One of the main targets of the CatchmentCARE project was to install 50 groundwater monitoring boreholes across the 3 Catchments to help better understand groundwater in the cross-border catchments and the interaction between groundwater & surface water bodies.
A groundwater monitoring borehole is a hole that is drilled in to the ground, normally 5 to 12 inches in diameter. They can be drilled to a depth of only a few metres to over 100 m below the ground surface. They have a number of purposes:
- To collect samples of groundwater to tested water quality
- Determine how much water there is underground and flowing through it
- Measure levels of the water table using sensors, which can help with water resource planning and understanding the effects of climate change.
- They can be used to trial new technologies or to better understand groundwater processes, helping us to protect the environment
There are large quantities of groundwater resources that we use for water supply and keep our rivers, lakes and wetlands alive. It is vital that we understand and look after them. Groundwater monitoring boreholes allow us know how they operate and what their status is.
They are constructed using a drilling rig, supervised by a qualified hydrogeologist who collects samples of the ground as it brought up to the surface. The top of a borehole is finished preferably above ground and will often look like a vertical pipe sticking out of the ground, but they can also be finished below ground in a protected chamber.
Once completed, they can be surveyed using the likes of downhole cameras or by carrying out pumping tests. The hydrogeologist will use this information to calculate useful values that can then be used to model groundwater systems and make future predictions. These tests help in determining whether water quality is improving or deteriorating.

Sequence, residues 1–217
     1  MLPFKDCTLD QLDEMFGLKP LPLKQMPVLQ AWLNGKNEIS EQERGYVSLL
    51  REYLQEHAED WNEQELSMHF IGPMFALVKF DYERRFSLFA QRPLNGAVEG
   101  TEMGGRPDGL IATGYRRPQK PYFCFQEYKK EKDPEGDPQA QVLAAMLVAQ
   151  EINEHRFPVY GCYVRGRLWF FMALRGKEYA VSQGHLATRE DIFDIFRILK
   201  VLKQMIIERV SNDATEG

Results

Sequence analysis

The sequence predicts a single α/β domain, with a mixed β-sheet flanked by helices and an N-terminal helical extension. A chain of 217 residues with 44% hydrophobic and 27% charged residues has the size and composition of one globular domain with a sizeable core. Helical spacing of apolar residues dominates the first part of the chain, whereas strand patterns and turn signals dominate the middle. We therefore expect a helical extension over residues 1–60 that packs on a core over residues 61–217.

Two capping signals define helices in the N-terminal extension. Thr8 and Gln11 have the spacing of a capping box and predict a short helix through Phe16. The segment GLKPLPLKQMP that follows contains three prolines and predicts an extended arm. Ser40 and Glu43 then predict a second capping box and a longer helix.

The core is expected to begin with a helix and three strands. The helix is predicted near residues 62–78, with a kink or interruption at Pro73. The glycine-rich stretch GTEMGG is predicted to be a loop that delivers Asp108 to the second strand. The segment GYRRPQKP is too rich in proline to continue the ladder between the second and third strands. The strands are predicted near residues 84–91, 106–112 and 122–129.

The Geological Survey of Ireland (GSI) and the British Geological Survey (BGS) successfully installed 51 Groundwater Monitoring Stations over the course of the project.
A link to the Legacy Reports where you can find out more about this area of the project can be found here – Click here
Groundwater Virtual Reality Experience
As part of Groundwater Monitoring Package, the Groundwater Team examined how best to communicate the findings from their work and developed a groundwater visualisation tool which includes state of the art Augmented Reality (AR) and Virtual Reality (VR) technology.
This technology is designed to be inclusive and also easily portable. The application has a solo mode or a class mode which is ‘teacher’ led and can be tailored to any specific aspect of the Groundwater story through a user interface accessing modular learning, covering an in-depth approach to Groundwater.
The CatchmentCARE project VR application is being used as an educational asset in local schools and for community outreach purposes.